[box]Tammy from Tammy & Chris on the Move blogs about her voluntary work, travels and misadventures across the globe. Follow her journey on her blog, Tammy & Chris on the Move, on Twitter or on Facebook.[/box]
Tammy and Chris, you worked in London in the civil service but decided to leave that behind. What made you decide to escape the rat-race?
We have always dreamed of escaping London to travel or volunteer abroad long-term, but never had the courage to do it. But there came a stage when our daily commute to London of 1.5 hrs, the credit crunch, the cold and rainy summers in England and changes at work were getting too much. Luckily Chris was offered redundancy and I was able to take a sabbatical, so we didn’t have to think twice and decided that it was the time to finally follow our dreams.
You’re currently in Cambodia working on law, justice and human rights issues…tell us about what you’re doing and what problems Cambodia is facing.
I volunteered for a Cambodian NGO initially and now work as a communications advisor. The majority of NGOs that work on human rights issues deal with issues such as freedom of expression, human trafficking or gender issues. Much of my work was about raising awareness of our work both among beneficiaries, donors and potential donors. I am lucky to have visited many of our projects to document progress and interview beneficiaries. Some of these places are so remote that often people have never seen a white and blonde woman. Sometimes they even touched me to check if I am real (I have to say that even for a European I am incredibly pale, so to them I must look like a ghost). So my work is very rewarding on one hand, but also challenging on the other hand, as progress is often slow. But when you do get a success story of a girl that got rescued from trafficking and abuse for example it makes it all worth it.
What do you like about living in Cambodia?
The country is incredibly beautiful and the people are one of the most honest and friendliest people I have ever met. The country is really diverse as well as you get jungles, ancient temples, deserted beaches, but also a good nighlife in the cities.
Do it! Cambodia is a really nice country to live in. It is cheap and is not as modern as some of its neighbours yet, so still hasn’t lost its charm yet. Having said that it is modern enough to offer you all your comforts, such as supermarkets with Western products, free wifi in most cafes, and plenty of restaurants and bars. Do make your research about potential jobs first though. Most expats here work in international development, which is a hugely competitive industry. So expect to get many job declines at first. Most people have to start out as volunteers (as did I) and if you can proof yourself you sometimes get taken over as a paid member of staff or you will have gained enough experience to apply for other jobs.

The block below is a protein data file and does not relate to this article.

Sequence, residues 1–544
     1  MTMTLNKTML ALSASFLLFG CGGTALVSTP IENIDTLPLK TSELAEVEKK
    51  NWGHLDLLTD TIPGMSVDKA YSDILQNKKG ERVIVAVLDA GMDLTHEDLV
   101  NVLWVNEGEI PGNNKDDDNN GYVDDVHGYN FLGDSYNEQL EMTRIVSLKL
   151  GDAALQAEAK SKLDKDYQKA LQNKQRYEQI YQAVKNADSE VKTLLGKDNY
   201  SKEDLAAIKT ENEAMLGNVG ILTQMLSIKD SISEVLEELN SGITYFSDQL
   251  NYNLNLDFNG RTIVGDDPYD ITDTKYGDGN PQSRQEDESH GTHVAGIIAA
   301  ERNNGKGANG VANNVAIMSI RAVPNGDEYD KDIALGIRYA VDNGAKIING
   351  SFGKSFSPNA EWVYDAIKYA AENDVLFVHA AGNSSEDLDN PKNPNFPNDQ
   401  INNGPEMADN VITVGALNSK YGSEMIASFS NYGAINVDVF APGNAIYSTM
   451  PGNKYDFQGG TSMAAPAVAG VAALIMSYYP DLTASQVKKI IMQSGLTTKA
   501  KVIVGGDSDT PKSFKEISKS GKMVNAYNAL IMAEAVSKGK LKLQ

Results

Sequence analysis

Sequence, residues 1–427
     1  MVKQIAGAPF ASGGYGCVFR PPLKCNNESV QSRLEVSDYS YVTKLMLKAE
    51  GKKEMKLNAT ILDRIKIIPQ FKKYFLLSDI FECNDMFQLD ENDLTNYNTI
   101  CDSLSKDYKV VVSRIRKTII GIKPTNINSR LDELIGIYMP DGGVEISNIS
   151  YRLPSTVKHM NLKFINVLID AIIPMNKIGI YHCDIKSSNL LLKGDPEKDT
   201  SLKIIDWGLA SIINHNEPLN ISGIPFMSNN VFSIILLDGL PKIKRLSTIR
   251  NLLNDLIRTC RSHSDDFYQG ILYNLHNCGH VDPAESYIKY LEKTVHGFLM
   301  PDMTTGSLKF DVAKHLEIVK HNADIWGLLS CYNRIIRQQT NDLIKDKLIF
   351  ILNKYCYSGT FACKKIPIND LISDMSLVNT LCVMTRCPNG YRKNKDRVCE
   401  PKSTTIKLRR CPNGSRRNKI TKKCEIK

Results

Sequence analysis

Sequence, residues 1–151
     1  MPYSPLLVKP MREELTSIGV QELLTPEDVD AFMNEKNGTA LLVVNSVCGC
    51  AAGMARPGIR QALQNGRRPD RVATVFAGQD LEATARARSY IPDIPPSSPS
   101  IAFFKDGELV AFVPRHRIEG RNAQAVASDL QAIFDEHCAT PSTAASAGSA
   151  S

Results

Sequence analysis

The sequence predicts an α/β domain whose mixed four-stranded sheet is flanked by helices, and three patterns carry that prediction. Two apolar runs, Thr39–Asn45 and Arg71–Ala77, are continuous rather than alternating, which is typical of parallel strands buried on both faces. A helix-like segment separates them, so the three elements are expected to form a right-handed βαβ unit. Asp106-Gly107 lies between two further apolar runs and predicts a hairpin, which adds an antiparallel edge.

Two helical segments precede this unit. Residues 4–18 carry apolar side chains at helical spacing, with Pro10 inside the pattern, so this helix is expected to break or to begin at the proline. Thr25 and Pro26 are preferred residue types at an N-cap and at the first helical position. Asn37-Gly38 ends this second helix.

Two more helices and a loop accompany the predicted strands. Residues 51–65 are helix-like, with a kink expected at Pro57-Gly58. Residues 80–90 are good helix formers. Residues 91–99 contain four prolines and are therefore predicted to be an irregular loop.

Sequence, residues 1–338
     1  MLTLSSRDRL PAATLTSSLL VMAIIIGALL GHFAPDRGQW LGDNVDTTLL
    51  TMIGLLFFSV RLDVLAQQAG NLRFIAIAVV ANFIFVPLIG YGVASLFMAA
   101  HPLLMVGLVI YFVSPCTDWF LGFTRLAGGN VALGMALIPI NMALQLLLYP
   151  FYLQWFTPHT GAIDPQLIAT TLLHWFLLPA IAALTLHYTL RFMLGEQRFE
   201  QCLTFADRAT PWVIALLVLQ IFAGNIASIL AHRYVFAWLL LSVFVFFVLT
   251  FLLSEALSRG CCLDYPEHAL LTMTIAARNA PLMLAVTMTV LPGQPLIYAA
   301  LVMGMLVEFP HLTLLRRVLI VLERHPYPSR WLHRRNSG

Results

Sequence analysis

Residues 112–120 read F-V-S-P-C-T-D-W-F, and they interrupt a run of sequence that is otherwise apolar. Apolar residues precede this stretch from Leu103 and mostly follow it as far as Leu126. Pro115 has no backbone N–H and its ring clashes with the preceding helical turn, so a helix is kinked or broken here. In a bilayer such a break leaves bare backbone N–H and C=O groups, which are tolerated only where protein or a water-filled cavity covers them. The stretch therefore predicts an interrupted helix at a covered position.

It was incredibly beautiful and incredibly frustrating at the same time. The scenery is just breathtaking and nothing can prepare you for the first time you get a glimpse of Everest. But it is not an easy trek. You have to trek about 5-6 hrs each day for 12-15 days and you have to trek at high altitude, which is very hard. As there is less oxygen at high altitude it gets quite tricky to breathe at times (there was a time when I had to stop every 5 minutes to catch my breath) and some people suffer from symptoms of Accute Mountain Sickness (AMS), which are dizzyness, headaches and nauseousness. Unfortunatly I got AMS one day before I was supposed to reach base camp, so I was too ill to continue. It was devastating after 8 days of trekking and knowing that I was so close, but luckily my husband Chris made it.
Can you provide any tips for doing the base camp trek?
Do it slowly. We did our trek with an organized tour and it was scheduled to be for 12 days, so we couldn’t extend it. With hindsight 12 days wasn’t enough for me to acclimatize to the altitude properly. I recommend at least 15 days. You should also try and do some trekking beforehand to get yourself used to trekking 5 hours a day. If you can’t go trekking you can go to the gym and use a treadmill or a stepper to practise for those long and hard ascents.
Volunteering can be very rewarding if you make your research properly. Unfortunately there are a lot of dodgy organizations about who offer voluntourism opportunities for people without much time, but a lot of money. A lot them are very expensive, but the money doesn’t benefit the local people at all. You should check these things beforehand. Personally I find long-term placements (at least 3 months) more rewarding, as you can make a greater impact and you can get to know a country, its people and the culture much better. Organizations such as 2 WayDevelopment (who we used), as well as VSO, Peace Corps etc are very good organizations. The latter ones also offer good pre departure training, cover medical insurance and even pay you a small living allowance.
Finally, what are your plans for the next year or so?
We are going to stay in Cambodia until October and then the world is our oyster. We haven’t really made any plans for afterwards yet, but are keen on exploring more of Asia, i.e. Burma, Laos and Japan.